Tale of Two Types: Mesa Verde Black-on-white, Socorro Black-on-white and Pueblo Migration Histories
OAS Brown Bag talk by Eric Blinman and C. Dean Wilson
Pottery has long been used by archaeologists to trace interaction and migration. Mesa Verde Black-on-white has been a popular focus of attention, since it was made right up to the late thirteenth-century abandonment of the northern Four Corners region. Despite the common belief that Mesa Verde pottery documents the migration of people to the Rio Grande region, that assertion doesn’t hold up well when evidence is examined in detail. Neglected, however, is evidence supporting interaction and migration in the form of Socorro Black-on-white pottery. This underappreciated pottery provides a much stronger case for population interactions and movements in the late twelfth- through thirteenth-century periods.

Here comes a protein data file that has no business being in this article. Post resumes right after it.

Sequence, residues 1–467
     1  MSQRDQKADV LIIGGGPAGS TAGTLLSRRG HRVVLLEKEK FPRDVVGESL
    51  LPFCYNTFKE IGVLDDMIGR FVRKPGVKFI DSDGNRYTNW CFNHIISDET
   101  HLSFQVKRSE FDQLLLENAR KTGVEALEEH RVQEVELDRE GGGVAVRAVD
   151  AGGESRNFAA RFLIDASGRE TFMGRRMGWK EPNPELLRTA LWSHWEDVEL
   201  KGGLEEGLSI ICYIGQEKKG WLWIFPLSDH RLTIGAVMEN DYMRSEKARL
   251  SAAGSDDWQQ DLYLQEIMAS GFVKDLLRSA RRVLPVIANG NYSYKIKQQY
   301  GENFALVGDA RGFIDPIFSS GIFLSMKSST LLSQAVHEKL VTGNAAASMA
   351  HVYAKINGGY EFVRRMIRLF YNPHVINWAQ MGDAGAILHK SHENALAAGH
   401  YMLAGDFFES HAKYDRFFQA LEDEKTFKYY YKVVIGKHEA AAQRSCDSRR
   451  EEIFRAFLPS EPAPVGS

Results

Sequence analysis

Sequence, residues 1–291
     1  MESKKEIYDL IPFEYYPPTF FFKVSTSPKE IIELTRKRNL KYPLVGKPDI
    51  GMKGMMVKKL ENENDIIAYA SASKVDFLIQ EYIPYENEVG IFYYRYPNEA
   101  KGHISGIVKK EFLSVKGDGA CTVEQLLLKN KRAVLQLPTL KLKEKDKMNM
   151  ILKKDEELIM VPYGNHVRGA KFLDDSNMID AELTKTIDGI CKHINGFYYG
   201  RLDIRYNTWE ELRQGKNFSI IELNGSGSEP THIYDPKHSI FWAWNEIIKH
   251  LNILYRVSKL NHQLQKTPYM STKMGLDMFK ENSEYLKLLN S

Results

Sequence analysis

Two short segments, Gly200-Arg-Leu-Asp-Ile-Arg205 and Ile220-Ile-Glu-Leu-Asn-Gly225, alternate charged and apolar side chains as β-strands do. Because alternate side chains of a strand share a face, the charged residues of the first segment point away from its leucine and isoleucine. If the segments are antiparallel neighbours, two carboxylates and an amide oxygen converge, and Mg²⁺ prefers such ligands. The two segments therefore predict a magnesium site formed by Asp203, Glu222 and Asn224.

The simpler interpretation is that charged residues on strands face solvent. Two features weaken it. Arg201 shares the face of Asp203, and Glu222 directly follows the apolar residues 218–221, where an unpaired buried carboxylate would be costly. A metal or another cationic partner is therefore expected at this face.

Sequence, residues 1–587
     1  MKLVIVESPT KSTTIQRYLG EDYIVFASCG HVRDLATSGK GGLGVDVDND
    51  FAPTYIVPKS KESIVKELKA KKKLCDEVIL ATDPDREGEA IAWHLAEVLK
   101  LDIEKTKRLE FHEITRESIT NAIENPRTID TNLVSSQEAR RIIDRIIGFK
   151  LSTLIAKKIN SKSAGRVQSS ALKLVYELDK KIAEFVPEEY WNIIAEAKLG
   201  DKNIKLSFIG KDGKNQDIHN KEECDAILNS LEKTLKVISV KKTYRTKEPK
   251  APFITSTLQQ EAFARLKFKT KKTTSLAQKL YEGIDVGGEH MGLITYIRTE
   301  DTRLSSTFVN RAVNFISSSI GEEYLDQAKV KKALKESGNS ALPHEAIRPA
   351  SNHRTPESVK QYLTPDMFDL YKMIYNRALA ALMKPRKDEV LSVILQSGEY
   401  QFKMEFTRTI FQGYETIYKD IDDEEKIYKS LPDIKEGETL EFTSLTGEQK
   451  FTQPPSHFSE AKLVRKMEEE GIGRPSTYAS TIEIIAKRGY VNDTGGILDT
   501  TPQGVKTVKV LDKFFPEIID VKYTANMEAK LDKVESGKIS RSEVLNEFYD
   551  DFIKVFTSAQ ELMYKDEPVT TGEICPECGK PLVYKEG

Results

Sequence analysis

The Brown Bag talk will take place at the Center for New Mexico Archaeology at 12:00 noon in the CNMA library. Seating is limited. Admission is free.
The Center for New Mexico Archaeology (7 Old Cochiti Road) is located off of Caja del Rio Road, across from Challenge New Mexico on the way to the Santa Fe Municipal Golf Course. Take 599 to South Meadows Road, continue through the traffic circle west along the Frontage Road to Caja del Rio Road. CNMA is on the left-hand side of the road and is the large building with white sail-like skylights on the roof.